The Herschell Carrousel Factory Museum is one of the few places left in the country where hand-carved carousels were produced. It is located in the factory once owned by Allan Herschell, who opened the business (after previously co-owning a couple of other carousel companies) in 1915. At its peak, North Tonawanda had five carousel makers and Herschell's was the best and most prolific, producing 3,000 carousels in all. The company specialized in portable carousels that were used by traveling carnival operators. Today, the museum operates a 1916 carousel and a smaller aluminum kiddie carousel built in the 1940s. The museum offers guided tours, education programs, a summer lecture series, and woodcarving classes. It also contains a working music roll maker, 1,600 rolls, and a large collection of carved animals. The museum building was placed on the National Register of Historic Places in 1985.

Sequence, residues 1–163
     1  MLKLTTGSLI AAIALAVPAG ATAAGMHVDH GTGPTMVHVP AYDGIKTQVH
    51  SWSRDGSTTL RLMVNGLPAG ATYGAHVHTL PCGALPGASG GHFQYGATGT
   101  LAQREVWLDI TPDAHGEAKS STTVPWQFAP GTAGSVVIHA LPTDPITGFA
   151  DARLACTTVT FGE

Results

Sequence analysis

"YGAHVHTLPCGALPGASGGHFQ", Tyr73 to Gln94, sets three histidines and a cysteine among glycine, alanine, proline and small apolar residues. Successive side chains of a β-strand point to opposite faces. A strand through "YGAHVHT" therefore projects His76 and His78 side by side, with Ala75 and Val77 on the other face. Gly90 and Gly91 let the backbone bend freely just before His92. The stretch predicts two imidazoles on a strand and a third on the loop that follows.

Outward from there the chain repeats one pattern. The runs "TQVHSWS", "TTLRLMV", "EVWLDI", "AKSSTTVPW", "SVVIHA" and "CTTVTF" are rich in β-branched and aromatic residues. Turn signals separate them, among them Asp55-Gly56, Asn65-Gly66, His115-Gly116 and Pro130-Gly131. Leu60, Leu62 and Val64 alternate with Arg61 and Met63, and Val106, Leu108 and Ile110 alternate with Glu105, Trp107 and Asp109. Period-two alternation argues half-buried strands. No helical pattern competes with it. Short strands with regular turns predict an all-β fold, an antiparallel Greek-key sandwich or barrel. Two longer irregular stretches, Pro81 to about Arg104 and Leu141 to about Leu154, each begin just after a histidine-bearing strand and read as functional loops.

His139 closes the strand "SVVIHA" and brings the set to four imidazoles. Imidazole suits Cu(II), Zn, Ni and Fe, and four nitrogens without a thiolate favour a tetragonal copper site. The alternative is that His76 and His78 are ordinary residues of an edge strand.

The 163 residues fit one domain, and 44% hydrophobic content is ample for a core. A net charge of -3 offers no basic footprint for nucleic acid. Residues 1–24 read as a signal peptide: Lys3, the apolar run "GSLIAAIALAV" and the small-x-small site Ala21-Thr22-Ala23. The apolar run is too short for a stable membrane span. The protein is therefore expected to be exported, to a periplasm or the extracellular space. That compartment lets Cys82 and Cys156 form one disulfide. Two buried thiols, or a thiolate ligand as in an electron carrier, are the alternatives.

• The Herschell Carrousel Factory Museum building is listed on the National Register of Historic Places.
    The Herschell Carrousel Factory Museum building is listed on the National Register of Historic Places.
  • The 1916 carousel
    The 1916 carousel
  • The kiddie carousel
    The kiddie carousel

Of the 148 hand carved carousels left, 71 of these were made by one of Herschell's companies. Herschell also pioneered the kiddieland concept, building rides specifically for children. The Kiddieland Testing Park Exhibit, located outside of the museum building, features working kiddie rides that are in operation during the summer. The factory remained in operation until 1970.

"Allan Herschell History." Herschell Carrousel Factory Museum. Accessed October 19, 2015. http://carrouselmuseum.org/site/about/allan-herschell.

"The Museum." Herschell Carrousel Factory Museum. Accessed October 19, 2015.  http://carrouselmuseum.org/site/about/the-museum.